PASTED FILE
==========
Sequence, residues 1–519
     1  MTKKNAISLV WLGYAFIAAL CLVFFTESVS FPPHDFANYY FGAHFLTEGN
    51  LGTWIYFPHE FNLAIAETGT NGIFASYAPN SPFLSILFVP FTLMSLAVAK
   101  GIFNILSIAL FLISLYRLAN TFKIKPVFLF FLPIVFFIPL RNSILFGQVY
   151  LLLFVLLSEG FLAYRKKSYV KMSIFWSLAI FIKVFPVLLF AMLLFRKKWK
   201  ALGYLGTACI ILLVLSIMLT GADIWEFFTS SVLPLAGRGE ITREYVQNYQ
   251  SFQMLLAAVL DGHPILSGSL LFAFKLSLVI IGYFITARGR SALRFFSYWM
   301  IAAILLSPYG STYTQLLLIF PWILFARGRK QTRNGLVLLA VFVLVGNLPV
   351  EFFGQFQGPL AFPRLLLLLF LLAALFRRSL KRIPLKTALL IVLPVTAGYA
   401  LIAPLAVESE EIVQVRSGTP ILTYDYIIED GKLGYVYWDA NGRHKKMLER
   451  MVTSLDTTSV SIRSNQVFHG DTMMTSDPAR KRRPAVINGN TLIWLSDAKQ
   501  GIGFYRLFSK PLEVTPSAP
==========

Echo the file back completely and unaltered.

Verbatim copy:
Sequence, residues 1–519
     1  MTKKNAISLV WLGYAFIAAL CLVFFTESVS FPPHDFANYY FGAHFLTEGN
    51  LGTWIYFPHE FNLAIAETGT NGIFASYAPN SPFLSILFVP FTLMSLAVAK
   101  GIFNILSIAL FLISLYRLAN TFKIKPVFLF FLPIVFFIPL RNSILFGQVY
   151  LLLFVLLSEG FLAYRKKSYV KMSIFWSLAI FIKVFPVLLF AMLLFRKKWK
   201  ALGYLGTACI ILLVLSIMLT GADIWEFFTS SVLPLAGRGE ITREYVQNYQ
   251  SFQMLLAAVL DGHPILSGSL LFAFKLSLVI IGYFITARGR SALRFFSYWM
   301  IAAILLSPYG STYTQLLLIF PWILFARGRK QTRNGLVLLA VFVLVGNLPV
   351  EFFGQFQGPL AFPRLLLLLF LLAALFRRSL KRIPLKTALL IVLPVTAGYA
   401  LIAPLAVESE EIVQVRSGTP ILTYDYIIED GKLGYVYWDA NGRHKKMLER
   451  MVTSLDTTSV SIRSNQVFHG DTMMTSDPAR KRRPAVINGN TLIWLSDAKQ
   501  GIGFYRLFSK PLEVTPSAP